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Old July 9, 2005, 02:56 PM   #1
nobby
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How do you "clean" ammo?

Today, I bought 1000 rds of surplus Guatemalan .223 for $100 at a local gunshow. It was in a sealed box so I couldn't inspect it before purchase. When I finally opened it up, the rounds were really dirty. A few were corroded and some had dented cases, so I tossed those. But the remaining 900 or so all have a dry-ish, dirty film on them. None of them are smooth and shiny and I can already tell they will not cycle well if shot as-is.

Is it possible to "clean" loaded ammo? If so, what materials do I need to do the job? Again, not trying to make the cases shiny but I want to get rid of that dirty film that turns my fingers green.

Please let me know.

Nobby
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Old July 9, 2005, 03:30 PM   #2
David Todd
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Nobby, I would suggest you try" Mercury Quicksilver Power tune",
or some other commercial internal engine cleaner.
I have been using it for years to take out fouling from all my rifles, and I am sure what you have is solidified grease on those cases.
if that is the problem, some of the Power tune on a rag should do the trick.
it will be time consuming, but I am sure you will be satisfied with the results.
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Old July 9, 2005, 05:07 PM   #3
Zekewolf
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Put the ammo in a vibratory case cleaner with clean corn cobb or walnut media, one cap of NuFinish car polish diluted with one cap of mineral spirits. Won't take long and won't hurt the ammo.
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Old July 9, 2005, 05:53 PM   #4
David Todd
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Zekewolf, everything i have ever learned or been told says it is an absolute NO NO to put loaded ammo in a tumbler , vibratory or not!
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Old July 9, 2005, 07:25 PM   #5
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I agree with Zekewolf.

Everyone I know puts loaded ammo in a vibratory tumbler for a few minutes to remove bullet lube after loading.

You would have to tumble ammo for a *long* time to affect the powder burning rate, or breakdown the powder. I wouldn't put loaded ammo in a rotary tumbler, even though mfrs do it to perform a final polish on loaded factory ammo.

We're not talking 4 hours here, maybe 10-20 minutes max. If the ammo you bought is really gnarly, run it with the mineral spirits and nufinish and see what 15 minutes does for it. You probably won't have shiny, sparkling ammo, but I would imagine if that's what you wanted, you wouldn't have bought surplus ammo unseen.

I would box the stuff up and take it back to the fellow I bought it from, 100 rounds is way more culls than I would be happy with. Sounds like the dents and funk may be normal, but the corrosion might have been a result of the ammo being wet at one time. If this is the case, it probably won't be consistent when you fire it. You will probably see a few split cases with it.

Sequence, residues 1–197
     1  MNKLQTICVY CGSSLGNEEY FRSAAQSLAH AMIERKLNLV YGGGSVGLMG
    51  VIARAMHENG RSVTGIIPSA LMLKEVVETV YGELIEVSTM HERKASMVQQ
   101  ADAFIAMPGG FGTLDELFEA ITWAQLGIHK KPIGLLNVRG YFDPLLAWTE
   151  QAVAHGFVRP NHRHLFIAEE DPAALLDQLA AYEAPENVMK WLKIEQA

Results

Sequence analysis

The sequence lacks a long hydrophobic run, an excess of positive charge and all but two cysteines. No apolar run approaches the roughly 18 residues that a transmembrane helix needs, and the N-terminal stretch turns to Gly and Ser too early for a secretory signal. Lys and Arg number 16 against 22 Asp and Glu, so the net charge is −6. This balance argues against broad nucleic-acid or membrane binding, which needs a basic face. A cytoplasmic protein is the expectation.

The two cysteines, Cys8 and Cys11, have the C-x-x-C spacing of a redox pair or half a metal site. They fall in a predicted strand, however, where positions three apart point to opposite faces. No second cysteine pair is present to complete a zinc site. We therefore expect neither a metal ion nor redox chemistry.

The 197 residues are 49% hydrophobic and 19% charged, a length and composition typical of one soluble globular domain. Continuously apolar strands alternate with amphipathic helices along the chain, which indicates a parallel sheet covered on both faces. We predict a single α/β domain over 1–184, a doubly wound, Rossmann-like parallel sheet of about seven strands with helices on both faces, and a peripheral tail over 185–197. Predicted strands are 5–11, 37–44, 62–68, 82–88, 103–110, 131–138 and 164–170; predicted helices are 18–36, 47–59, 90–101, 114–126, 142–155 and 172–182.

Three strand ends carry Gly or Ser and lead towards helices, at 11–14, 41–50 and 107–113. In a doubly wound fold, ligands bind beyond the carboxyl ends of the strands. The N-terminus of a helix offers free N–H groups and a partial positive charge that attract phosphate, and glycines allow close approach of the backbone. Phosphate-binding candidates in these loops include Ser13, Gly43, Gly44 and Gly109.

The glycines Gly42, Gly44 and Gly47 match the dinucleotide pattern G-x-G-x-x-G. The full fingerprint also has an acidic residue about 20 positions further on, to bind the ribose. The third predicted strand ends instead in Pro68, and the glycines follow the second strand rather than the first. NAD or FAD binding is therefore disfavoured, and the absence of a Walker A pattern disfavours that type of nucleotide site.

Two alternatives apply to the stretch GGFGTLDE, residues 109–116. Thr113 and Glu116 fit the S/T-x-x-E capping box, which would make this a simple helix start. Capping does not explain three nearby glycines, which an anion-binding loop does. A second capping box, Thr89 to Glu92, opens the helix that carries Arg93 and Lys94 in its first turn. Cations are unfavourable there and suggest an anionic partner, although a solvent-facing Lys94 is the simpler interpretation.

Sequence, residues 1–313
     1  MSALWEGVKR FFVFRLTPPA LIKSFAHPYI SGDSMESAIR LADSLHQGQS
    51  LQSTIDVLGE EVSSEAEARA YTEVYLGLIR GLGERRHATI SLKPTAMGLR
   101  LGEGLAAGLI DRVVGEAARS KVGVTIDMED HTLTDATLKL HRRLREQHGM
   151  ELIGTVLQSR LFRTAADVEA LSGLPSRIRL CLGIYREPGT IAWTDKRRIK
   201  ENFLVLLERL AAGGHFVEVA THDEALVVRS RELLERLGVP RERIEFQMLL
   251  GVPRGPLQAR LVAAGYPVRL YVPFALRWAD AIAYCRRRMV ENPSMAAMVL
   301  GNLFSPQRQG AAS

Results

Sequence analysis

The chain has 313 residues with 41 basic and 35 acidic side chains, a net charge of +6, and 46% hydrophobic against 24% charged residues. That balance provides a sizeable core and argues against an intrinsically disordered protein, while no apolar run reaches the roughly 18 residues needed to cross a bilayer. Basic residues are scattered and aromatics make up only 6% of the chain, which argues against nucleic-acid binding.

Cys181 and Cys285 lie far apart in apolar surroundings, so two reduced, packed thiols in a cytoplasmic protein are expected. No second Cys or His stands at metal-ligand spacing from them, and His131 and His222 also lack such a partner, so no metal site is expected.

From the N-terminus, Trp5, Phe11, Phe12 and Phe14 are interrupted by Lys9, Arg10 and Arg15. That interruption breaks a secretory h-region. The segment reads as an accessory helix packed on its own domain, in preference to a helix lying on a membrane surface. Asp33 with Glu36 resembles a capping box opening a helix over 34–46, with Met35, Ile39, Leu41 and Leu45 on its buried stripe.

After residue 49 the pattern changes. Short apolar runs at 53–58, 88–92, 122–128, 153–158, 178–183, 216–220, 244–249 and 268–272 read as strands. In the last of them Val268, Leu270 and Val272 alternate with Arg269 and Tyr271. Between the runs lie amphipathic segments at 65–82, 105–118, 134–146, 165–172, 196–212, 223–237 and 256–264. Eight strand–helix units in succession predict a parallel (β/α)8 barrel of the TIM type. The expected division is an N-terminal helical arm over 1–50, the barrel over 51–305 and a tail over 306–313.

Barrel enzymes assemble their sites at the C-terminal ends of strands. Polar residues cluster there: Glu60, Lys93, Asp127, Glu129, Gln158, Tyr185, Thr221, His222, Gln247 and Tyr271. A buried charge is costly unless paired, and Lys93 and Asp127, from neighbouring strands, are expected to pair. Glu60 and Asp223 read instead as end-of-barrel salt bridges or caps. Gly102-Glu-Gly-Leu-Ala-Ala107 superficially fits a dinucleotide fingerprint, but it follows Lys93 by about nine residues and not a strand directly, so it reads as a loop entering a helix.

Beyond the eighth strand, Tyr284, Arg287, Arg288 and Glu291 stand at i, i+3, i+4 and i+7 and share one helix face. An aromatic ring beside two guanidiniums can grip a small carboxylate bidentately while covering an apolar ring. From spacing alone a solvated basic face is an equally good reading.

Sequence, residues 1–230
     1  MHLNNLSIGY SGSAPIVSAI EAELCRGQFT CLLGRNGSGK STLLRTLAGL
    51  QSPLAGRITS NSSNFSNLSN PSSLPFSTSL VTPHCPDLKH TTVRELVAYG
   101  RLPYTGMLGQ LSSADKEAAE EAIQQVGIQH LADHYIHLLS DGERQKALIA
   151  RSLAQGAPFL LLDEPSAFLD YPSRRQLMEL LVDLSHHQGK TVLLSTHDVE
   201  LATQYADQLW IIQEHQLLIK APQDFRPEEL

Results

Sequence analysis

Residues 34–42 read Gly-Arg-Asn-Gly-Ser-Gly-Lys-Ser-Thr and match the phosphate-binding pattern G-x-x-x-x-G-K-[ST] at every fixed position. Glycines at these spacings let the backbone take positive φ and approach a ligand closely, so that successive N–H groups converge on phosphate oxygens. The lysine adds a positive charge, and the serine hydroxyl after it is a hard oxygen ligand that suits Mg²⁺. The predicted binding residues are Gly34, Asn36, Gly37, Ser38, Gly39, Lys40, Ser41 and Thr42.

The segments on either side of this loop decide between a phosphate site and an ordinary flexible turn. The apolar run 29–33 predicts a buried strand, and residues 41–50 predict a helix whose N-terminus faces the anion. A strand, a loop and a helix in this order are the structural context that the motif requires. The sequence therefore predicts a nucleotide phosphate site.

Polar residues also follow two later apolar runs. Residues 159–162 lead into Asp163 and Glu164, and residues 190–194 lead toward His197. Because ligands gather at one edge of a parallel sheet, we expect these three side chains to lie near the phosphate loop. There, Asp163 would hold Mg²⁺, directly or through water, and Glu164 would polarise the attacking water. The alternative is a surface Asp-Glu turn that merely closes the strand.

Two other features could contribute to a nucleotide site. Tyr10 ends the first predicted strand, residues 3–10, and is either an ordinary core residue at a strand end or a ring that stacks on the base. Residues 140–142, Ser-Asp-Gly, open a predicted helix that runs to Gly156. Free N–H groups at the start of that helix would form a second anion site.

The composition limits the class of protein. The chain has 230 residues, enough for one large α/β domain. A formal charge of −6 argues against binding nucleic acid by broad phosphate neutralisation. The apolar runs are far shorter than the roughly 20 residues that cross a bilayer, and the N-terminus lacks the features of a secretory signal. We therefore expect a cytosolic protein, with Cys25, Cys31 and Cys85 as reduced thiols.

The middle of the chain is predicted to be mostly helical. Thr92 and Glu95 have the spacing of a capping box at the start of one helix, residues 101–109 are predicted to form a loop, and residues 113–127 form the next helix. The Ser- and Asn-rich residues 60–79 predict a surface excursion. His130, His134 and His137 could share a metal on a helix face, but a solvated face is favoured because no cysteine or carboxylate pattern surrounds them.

Unless it was super cheap or extremely hard to find, I would buy something else - even if it cost $10 bucks more a case. .223 is too available to shoot ammo that is so funky you have doubts about it before you even get to the firing line with it.

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Old July 9, 2005, 08:03 PM   #6
itman
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I have to go with David. on this one. If you just damage the coating of the powder you could be done for. Next time you buy ammo like this tells the guy you will buy it only if you can open it and see it. If he will not do that then go to ammoman.com
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Old July 9, 2005, 08:15 PM   #7
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If tumbling ammo hurts the powder then so would driving on a bumpy road. If you ever see what the powder is originally tumbled in then you would laugh at the thought of a normal tumbler hurting it. IT is a MYTH plain and simple. I tumble all my reloads to get the lube off. A lot of people do.
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Old July 9, 2005, 08:49 PM   #8
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On another forum---or was it here--? umm some jamoke decided to find out if tumbling would affect ammo. So he loaded a mess of shells and tumbled a portion 1 week, then 2 weeks, then a month, while keeping some un-tumbled as a control group. Results were NO DIFFERENCE! In any of the shells. They were fired for accuracy as well as over a chronograph, no difference!

Too many paranoid people repeat what somebody says without thinking or trying to find out.
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Old July 9, 2005, 11:36 PM   #9
Don H
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Tumbling is how commercial ammo gets cleaned prior to sale. Same for commercial reloads.

See the following thread:
http://www.thefiringline.com/forums/....php?p=1379952
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Old July 10, 2005, 11:05 AM   #10
Zekewolf
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David: You need to expand your sources!
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Old July 10, 2005, 03:37 PM   #11
caz223
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Yeah, Zeke has your solution.
Have no fear, any funkyness present after the fact will be a result of old ammo/poor storage, not as a result of the cleaning operation.
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